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 Post subject: Earworm Thursday (Catchy Songs that will Stick in Your Ear)
PostPosted: Oct Thu 11, 2018 4:00 pm 
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Location: Gold Country, (Stanislaus National Forest) California 95235
Earworm Thursday - Songs Guaranteed to Stick in Your Head at Least for the Day.

This week's selection is pure bubblegum from the Summer of `66 - smack in the middle of the heyday of the genre.

Eight years before the Carpenters brought overdub recording of love ballads such as Close to You to the forefront, Niagara Falls brother and sister team Carole and Antonino LoTempio escaped the snow and cold, changed their names to Nino Tempo and April Stevens and landed in Hollywood with a splash after their single Deep Purple hit #1 and won the 1963 Grammy for Best Song.

For the next five years the duo's career floundered until producers Ted Feigin and Lee Lasseff at White Whale Records were looking for acts to supplement The Turtles.

This was the first song recorded - intended to be the B-side to who-knows-what as their contract had yet to be signed.

Lasseff told the duo `We'll see what you can do with some `filler' material and then if that flies, we'll see about a singles deal.

The rest of the album Hey Baby was recorded but the only track to make any noise Bubbled Under at #27 (#127) on the Billboard Hot 100.

Wings of Love however took on a life of its' own, becoming the bed to a number of commercials and other such uses.

Like Herb Alpert argued for the Carpenters to Jerry Moss after Ticket to Ride only made it to #54, Feigin argued to Lasseff that the duo should be given another chance, and the result was one of the best Phil Spector-inspired productions of the era.

The reason the stereo version of the track is only the mono master given a little reverb and panned from left to right is because of the way the recording stages were laid down. With the sheer number of overdubs going on in these early productions, the only way any kind of stereo could have been made out of that would have been to have the backup tracks (bah-dum) the band and the waves in the middle, the leads on the left and the harmonies on the right.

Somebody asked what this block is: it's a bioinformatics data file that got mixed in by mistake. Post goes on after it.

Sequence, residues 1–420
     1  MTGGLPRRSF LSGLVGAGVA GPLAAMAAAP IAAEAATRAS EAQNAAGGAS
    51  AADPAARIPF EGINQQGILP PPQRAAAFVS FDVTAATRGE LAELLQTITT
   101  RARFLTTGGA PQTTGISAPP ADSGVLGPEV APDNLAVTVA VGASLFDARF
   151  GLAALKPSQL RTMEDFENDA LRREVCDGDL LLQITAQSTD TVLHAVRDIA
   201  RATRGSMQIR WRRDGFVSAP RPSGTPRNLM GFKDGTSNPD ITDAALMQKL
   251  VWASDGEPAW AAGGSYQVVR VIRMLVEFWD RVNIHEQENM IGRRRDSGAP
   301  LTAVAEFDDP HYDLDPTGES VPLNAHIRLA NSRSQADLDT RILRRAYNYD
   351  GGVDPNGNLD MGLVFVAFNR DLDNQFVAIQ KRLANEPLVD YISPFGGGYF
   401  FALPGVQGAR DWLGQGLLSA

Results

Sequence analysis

To be able to do anything else, they would have had to either record on 35MM magnetic film or have a sync track, which on a 3 track recorder would only leave you two with which to work. Both of these options would have been prohibitively expensive in 1966 in the days when 90% of acts got ONE WEEK to track an ENTIRE LP worth of songs (12-14 plus a couple extras to `keep in the can' in case one of the other ones didn't work out).

But once they changed the original recording format, the rest of the White Whale tracks were able to be remixed into a very nice stereo.

#4 below was a major influence to the aforementioned Carpenters arrangements of the early 70s.

1. Mono as we all heard it on the radio
2. Stereo from the LP
3. All Strung Out
4. I Can't Go On Livin' Baby (Without You)
https://www.youtube.com/watch?v=5sn-A8yP-os
https://www.youtube.com/watch?v=BY-5VYklEcc
https://www.youtube.com/watch?v=IcsWG3y6-Qk
https://www.youtube.com/watch?v=D116qCJ2zgg

_________________
2 kinds of men/tape. Low Noise/Wide Range.
LN=kind. WR=abrasive. Engineers=same thing.


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